Cryptocurrency regulation is still under debate. The recent crypto market crash has caused thousands of people to lose their life savings. This crash calls into question whether stronger cryptocurrency regulation should be implemented. One problem with cryptocurrency is how to classify it: is it a security, an investment contract, a commodity, property or currency?

A commodity or a security?

There is a lack of consensus among government agencies and courts about cryptocurrency regulation. Obviously, crypto titans and developers seek to define cryptocurrency to minimize regulatory oversight. They argue cryptocurrency is a commodity or actual currency, and should be regulated by the Commodity Futures Trading Commission (“CTFC”). Conversely, the United States Securities & Exchange Commission (“SEC”) holds that virtual currencies are securities subject to the Securities Act of 1933 and the Securities Exchange Act of 1934.

United States courts have begun to weigh in on this classification quandary. In February 2022, the Southern District of New York recently held that “several agencies may have concurrent regulatory authority in the cryptocurrency space.” Even though cryptocurrency may be an “investment contract” under the Securities Act of 1933, that does not mean that “cryptocurrency is not a ‘commodity’ within the meaning of the” Commodity Exchange Act. Instead, cryptocurrency is subject to both laws. The fact that cryptocurrency “function[s] differently” than other assets makes it more subject to regulation, not less. Cryptocurrency promoters should beware of overlapping commodity and securities regulations.

In 2021, Congress introduced the Digital Asset Market Structure and Investor Protection Act. This bill provides for the regulation of digital assets and digital asset securities. The bill includes amendments to current federal securities laws and the Commodity Exchange Act. The bill defines and distinguishes a digital asset versus a digital security under the respective regulatory bodies of law.

Under such legislation, it appears a cryptocurrency’s characteristics at a given time best determine whether it will be regulated by the SEC or the CTFC. For instance, an Initial Coin Offering is generally considered a security. Like an IPO, an ICO’s purpose is to raise capital by selling new tokens or coins to investors.

Current Regulation

The Securities Act of 1933 and the Securities Exchange Act of 1934 regulate the issuance and sales of investment products that qualify as securities under each Act. Congress’s intent “was to regulate investments, in whatever form they are made and by whatever name they are called.” This was to ensure that securities laws would “turn on the economic realities underlying a transaction, and not on the name appended thereto.” Securities laws define what is a security. That definition is broad in order to catch and punish all kinds of fraudulent schemes. Lately, due to the recent devastating cryptocurrency market crash, some regulators have argued that cryptocurrencies are ponzi schemes with no real value. Christine Lagarde, the president of the European Central Bank, warned that cryptocurrencies are worthless.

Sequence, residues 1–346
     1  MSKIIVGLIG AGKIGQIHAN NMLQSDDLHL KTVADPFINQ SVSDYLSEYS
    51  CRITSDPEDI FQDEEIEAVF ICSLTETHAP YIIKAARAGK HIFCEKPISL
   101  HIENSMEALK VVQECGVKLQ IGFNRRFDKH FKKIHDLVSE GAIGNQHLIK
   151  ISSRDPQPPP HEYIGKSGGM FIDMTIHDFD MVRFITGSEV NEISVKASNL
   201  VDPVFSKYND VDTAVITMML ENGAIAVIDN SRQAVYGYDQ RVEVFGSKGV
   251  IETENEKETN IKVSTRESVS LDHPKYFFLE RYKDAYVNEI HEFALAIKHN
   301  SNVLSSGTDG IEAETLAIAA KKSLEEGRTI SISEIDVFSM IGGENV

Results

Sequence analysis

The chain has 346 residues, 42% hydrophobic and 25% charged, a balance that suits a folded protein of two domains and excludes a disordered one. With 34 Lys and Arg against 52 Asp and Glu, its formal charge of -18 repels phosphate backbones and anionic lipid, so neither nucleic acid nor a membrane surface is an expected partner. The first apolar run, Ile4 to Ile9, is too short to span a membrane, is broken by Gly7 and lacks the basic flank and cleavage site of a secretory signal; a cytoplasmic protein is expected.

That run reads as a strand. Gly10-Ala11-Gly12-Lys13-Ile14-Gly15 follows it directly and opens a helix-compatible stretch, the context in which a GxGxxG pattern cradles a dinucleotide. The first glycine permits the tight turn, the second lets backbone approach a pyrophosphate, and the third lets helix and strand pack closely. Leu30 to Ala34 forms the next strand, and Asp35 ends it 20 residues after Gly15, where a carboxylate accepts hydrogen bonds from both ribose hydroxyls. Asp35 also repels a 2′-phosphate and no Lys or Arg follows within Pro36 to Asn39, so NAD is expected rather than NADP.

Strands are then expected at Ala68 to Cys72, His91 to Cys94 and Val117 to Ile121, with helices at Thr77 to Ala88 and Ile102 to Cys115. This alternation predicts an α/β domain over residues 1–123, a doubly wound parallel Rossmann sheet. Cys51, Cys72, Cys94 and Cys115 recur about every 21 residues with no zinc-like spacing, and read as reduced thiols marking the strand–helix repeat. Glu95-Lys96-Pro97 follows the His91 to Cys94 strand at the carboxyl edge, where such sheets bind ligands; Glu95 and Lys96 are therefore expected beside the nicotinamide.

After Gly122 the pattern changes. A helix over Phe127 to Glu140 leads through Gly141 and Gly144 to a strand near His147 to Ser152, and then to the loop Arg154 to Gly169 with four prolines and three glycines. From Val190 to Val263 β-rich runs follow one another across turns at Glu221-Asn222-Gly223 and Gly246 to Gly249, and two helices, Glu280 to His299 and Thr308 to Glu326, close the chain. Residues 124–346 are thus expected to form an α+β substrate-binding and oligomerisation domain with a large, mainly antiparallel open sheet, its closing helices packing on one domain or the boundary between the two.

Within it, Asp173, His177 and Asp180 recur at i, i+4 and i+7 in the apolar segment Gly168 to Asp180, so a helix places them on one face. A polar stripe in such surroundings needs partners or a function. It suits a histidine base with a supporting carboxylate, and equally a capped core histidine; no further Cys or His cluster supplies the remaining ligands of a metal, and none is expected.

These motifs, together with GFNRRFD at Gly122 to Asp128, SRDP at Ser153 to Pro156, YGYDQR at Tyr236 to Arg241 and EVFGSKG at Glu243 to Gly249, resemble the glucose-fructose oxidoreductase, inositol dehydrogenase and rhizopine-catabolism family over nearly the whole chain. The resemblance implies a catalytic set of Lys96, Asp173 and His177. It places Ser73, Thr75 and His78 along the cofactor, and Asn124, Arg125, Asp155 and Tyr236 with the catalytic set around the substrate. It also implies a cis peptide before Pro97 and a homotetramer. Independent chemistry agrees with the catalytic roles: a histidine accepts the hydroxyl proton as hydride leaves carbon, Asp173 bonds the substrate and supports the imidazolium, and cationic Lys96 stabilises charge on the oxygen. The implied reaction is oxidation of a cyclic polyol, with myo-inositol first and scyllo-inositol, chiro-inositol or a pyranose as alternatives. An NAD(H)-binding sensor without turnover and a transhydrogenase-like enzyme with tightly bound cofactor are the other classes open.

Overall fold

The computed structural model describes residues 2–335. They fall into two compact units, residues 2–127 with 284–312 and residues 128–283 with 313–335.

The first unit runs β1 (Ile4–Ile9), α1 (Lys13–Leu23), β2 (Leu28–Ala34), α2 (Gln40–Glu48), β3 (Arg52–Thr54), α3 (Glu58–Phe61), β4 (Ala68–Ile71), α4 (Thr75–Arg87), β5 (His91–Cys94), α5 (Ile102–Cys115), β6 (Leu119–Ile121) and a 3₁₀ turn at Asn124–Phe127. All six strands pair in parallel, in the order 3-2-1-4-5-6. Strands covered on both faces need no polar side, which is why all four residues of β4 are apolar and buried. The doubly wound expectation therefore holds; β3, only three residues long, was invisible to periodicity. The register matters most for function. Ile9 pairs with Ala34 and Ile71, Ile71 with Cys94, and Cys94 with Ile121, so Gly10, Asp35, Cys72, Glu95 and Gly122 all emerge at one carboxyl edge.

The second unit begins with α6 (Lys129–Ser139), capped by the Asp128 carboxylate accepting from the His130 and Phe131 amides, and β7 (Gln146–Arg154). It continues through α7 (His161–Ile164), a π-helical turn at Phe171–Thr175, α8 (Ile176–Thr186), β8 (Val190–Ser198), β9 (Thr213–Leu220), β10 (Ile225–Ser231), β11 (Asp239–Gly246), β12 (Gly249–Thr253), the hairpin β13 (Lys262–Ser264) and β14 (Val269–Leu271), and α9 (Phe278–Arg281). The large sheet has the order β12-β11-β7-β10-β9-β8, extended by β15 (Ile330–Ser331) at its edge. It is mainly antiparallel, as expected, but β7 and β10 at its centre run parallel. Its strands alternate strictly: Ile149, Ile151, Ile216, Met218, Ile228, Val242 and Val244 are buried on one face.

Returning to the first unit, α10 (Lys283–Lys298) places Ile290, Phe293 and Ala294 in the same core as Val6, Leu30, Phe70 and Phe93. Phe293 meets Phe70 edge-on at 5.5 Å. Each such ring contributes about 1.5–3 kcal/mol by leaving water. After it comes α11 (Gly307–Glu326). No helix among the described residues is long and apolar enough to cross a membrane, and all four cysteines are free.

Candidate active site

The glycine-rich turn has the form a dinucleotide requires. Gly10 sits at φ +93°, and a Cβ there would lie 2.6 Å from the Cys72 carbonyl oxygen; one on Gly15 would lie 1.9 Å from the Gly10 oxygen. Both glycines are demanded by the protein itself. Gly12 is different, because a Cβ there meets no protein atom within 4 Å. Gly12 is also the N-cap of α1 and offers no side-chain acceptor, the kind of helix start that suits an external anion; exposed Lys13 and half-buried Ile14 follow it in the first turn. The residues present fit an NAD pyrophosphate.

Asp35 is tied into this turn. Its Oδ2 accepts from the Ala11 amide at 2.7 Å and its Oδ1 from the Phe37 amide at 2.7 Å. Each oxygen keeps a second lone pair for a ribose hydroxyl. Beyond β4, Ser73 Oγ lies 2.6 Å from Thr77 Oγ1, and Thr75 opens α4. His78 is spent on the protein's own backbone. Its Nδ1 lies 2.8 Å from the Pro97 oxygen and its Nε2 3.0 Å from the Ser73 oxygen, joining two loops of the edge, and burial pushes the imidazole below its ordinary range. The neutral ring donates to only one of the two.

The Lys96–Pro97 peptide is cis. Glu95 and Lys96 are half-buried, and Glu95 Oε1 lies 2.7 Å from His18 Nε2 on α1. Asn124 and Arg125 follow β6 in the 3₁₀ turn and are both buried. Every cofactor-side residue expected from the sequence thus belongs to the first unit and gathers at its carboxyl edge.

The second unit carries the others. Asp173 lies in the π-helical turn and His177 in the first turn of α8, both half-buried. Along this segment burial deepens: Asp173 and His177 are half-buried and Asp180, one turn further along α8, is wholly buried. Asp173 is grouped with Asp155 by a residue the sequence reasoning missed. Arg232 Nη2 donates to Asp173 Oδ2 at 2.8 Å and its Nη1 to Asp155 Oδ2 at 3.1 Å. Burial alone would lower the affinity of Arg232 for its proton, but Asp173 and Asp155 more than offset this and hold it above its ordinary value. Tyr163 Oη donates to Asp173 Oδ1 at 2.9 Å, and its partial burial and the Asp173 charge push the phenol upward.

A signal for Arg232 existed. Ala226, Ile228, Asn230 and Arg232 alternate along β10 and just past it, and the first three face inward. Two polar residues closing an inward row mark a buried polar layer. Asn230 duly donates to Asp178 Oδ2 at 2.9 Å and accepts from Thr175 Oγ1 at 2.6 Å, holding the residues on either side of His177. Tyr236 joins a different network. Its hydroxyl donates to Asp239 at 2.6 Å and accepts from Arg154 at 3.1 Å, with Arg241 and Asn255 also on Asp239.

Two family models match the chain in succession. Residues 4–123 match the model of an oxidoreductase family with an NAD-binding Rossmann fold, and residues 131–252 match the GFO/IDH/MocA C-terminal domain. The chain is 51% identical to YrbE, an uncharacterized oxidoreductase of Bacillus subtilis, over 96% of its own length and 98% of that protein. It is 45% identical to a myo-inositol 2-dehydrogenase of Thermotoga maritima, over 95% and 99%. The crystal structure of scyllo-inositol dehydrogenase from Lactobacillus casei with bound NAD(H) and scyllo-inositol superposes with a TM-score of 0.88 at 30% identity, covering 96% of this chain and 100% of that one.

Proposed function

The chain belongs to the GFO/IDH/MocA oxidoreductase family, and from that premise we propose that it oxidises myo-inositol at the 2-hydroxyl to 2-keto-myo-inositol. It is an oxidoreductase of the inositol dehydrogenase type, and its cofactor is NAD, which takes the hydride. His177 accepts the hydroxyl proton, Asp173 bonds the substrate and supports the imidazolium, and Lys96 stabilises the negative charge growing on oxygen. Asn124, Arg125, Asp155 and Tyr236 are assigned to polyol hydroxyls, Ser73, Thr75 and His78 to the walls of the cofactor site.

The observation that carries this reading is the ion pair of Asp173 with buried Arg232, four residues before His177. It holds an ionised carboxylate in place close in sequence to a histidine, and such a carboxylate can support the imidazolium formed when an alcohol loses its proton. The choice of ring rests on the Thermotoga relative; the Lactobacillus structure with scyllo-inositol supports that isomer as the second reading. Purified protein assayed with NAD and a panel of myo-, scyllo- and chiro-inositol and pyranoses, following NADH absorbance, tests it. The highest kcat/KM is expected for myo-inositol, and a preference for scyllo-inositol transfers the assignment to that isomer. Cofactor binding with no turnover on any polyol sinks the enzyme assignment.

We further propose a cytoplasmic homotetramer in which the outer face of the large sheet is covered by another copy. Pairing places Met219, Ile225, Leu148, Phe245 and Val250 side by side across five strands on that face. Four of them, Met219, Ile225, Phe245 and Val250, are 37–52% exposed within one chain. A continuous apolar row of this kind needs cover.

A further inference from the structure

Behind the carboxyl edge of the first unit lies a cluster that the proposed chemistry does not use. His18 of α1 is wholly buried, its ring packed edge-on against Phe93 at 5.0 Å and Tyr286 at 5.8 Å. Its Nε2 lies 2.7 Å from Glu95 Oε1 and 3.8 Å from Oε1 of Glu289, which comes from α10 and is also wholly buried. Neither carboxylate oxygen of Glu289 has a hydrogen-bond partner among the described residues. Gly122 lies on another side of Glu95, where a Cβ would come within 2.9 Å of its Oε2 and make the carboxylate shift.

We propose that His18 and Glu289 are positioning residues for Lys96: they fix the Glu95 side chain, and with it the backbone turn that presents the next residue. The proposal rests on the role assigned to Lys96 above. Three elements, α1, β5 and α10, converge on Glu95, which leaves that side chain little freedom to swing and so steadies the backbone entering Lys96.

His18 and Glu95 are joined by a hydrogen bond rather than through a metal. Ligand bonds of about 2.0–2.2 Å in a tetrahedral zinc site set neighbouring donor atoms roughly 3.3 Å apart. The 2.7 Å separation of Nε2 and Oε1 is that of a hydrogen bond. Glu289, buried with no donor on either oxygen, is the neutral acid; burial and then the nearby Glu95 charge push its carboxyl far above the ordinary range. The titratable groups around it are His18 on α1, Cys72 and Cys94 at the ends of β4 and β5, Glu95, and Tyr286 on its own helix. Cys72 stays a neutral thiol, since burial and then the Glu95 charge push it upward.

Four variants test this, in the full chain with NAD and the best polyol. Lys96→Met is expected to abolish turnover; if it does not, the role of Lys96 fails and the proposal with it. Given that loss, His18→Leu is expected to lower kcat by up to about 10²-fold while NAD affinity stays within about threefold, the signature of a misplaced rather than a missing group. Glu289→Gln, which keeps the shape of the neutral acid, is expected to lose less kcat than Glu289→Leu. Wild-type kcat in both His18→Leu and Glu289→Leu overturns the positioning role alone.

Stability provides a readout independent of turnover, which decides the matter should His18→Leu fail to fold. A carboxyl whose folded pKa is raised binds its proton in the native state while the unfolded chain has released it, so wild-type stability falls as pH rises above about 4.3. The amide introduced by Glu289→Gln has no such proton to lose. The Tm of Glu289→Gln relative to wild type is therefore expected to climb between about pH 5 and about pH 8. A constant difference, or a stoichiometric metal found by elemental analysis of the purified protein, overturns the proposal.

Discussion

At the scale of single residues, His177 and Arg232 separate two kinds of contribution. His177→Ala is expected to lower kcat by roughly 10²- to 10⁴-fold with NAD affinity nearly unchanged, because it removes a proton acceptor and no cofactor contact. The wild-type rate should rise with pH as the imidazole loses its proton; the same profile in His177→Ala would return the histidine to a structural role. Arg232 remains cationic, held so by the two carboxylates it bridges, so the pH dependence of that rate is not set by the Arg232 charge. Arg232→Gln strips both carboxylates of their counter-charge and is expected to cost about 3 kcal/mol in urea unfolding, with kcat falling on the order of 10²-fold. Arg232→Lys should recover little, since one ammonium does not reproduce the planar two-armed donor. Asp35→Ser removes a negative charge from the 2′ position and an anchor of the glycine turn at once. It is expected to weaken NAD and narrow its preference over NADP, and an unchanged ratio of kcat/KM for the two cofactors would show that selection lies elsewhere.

Lately, many people have lost their life savings by gambling on cryptocurrency markets. In the end, cryptocurrencies are not backed by any assets. Their value is based on assurances from the developers that the algorithms and data create stability and value. However, in reality, these types of investments are highly speculative and extremely risky. Like a currency, cryptocurrency only has value if people will accept it. This means that if a cryptocurrency fails to catch on, even a “successful” offering leaves investors holding a wallet of useless virtual money. Investors should understand they may likely lose their entire investment.

This May 2022 crypto market crash will likely result in greater cryptocurrency regulation. Regulators will take action and expand their regulatory jurisdiction. There may be a rise in regulatory oversight into the cryptocurrency markets. Given the thousands of people who recently lost their life savings, this type of regulatory oversight may be a good thing. At the very least, it should begin to promote transparency regarding the actual value of a coin or token.

How We Can Help

So what to do? Are you thinking about developing an initial coin offering? Call us BEFORE you do anything to respond.  An angry group of investors or a regulatory investigation is a terrible thing that can happen to you. In fact, few people realize raising money without strict compliance with federal and state securities laws is a felony. We encourage everyone to seek competent legal advice BEFORE taking any cash or raising funds, even for ICOs. Alternatively, if you have been involved in a cryptocurrency scheme or are defending yourself in an investigation, we may be able to help. Please give us a call at 713-961-7770 or contact us by email to discuss your issues.